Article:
Couple all this to the Speilberg exercise in hagiography — written by *acclaimed* playwright Tony Kushner, and the trifecta of comfort zone politics is complete. Now, what is missing here? Well, the poor for one thing. The 7 million in prison in the United States, the homeless and desperate, the compulsive anti depressant addicted anxiety of today’s actual population. The real history of Lincoln and slavery and Reconstruction is replaced with familiar bromides uttered by appealing actors. The net result of all this is that of a kind of mental erasure that now effectively neutralizes the little real content that does creep into corporate product…not to mention a reinforcing of the structural aspects of the Spectacle. It reinforces the validity of fan culture, of fake storytelling, and of infantilization.
I saw a not terrible indi film the other day, The Sound of My Voice. It’s not very good, really, but there was something valid in the premise. But….what was so telling was that the two protagonists were documentary filmmakers. Its as if you cannot tell any story unless the frame is about filming something. The new found footage (a misnomer, but never mind)device (while cost effective) is an example of this. Life IS a film. Our memories are film strips, our dreams more and more so. The colonizing of consciousness has taken place via the screen. The civil war was a movie. And at some point the doubts one might have about what “really” happened to Osama Bin Ladin (whoever he might have really been) is irrelevant because the movie is MORE real.
The photos of Mathew Brady, the famed photographer of the civil war resonate with a sense of the tragic that cannot be faked. But…the ability to “look” at them probably has been eroded.
There is no question that the electronic media age has bombarded a population with image and data. Social media is part of the system that circulates these images and valorizes them. It is a topic of enormous scope, but one that will intrude now on almost anything one writes. Still, those who look to find convenient villains; Romney, Scalia, the Tea Party, FOX news, or manufactured ones such as Syria or Muslim terrorists — the level of validity is irrelevant, because none of this stuff is more than just the flotsam of daily discourse. History is, in a sense, the first victim. For today most people think of history as a Speilberg film, or a PBS hour, and not the paralyzingly complex narrative that it really is. People will wring their hands about Syria, but ask them about the Ottoman Empire or who the Hashemites were and you get blank stares. Ask about something as significant as the Suez Crisis and again, blank stares. Still, they will have opinions. They will write or click “like” or comment, or just blabber on to a friend or neighbor…and these “opinions” are protected like property. People own their opinions, and in a sense, they HAVE paid for them.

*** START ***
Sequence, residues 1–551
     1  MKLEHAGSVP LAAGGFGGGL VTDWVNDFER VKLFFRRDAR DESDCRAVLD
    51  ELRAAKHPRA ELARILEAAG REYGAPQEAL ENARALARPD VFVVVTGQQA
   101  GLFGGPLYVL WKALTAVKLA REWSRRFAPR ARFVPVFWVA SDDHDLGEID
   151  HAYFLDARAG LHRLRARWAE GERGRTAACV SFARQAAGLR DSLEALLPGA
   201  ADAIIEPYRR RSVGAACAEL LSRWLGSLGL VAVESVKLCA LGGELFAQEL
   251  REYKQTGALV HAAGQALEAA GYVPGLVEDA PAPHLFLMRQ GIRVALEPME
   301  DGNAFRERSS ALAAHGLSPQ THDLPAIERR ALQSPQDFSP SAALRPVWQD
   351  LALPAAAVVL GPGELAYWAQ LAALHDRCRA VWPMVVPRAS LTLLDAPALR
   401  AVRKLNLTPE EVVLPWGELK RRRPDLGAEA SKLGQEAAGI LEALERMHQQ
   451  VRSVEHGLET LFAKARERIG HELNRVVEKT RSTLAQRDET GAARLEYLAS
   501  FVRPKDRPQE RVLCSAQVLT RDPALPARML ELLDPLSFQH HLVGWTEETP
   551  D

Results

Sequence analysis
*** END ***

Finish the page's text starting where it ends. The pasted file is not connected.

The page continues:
I often wonder if two hundred years ago, or five hundred, if people spoke in the same compulsive manner they do today? I don’t think so. I think there were forms of discourse that have evaporated over time. I think advertising and marketing has effected how the spoken word is used….if “used” is the right term.
So, today the court stenographer is Kathryn Bigelow, and Lena Dunham the court fool. Or maybe court eunuch — hard to say. But the complusive blather, the empty immature babble, held up as if it were Moliere. For the infantilizing of the populace is the driving principle at work. Denham for girls, and Bigelow for boys.
To be able to really hear what is being said has priority over even being able to “see” the image. For there is a difference. The post modern world, in a sense, is the result of endless co-opting of narrative. Radical pedagogy, aesthetic resistance….terms I’ve come to use to describe what I see as the only way out of the occupation of our minds. I know one of the knee jerk responses to such discussions is to say, oh, it’s only a movie, only a TV show. But under advanced capital, in the US and parts of Europe, that IS the reality. This is how narrative is reproduced in the individual’s brain — it confers permission to be a child, to not grow up, to remain passive. These narrative extend to larger issues; Obama’s foreign policy, or SCOTUS. The conditioning is so deep. The waving flag is everywhere, the IMAGE of the heroic soldier is everywhere.
You cannot seperate Monsanto seed policy from Brand Obama from Zero Dark Thirty, or from HBO or Showtime. The comfort zone allows those not in complete desperation, to trust in the world view of the corporation, of the Pentagon, of Imperialist ideology. Who wants to think about Super Max prisons, or the cost of phone calls for the poor families with loved ones in prison, or the misery of wage slavery at Wal-Mart or in sweat shops in Haiti. After all, Lena Dunham is original, funny, raw and nuanced.
Bigelow’s film received an unprecedented 99% approval rating at metacritic, and 100% positive at Rotten Tomatoes.
But hey, I am really worried about the Surpreme Court, and sure am glad Obama won.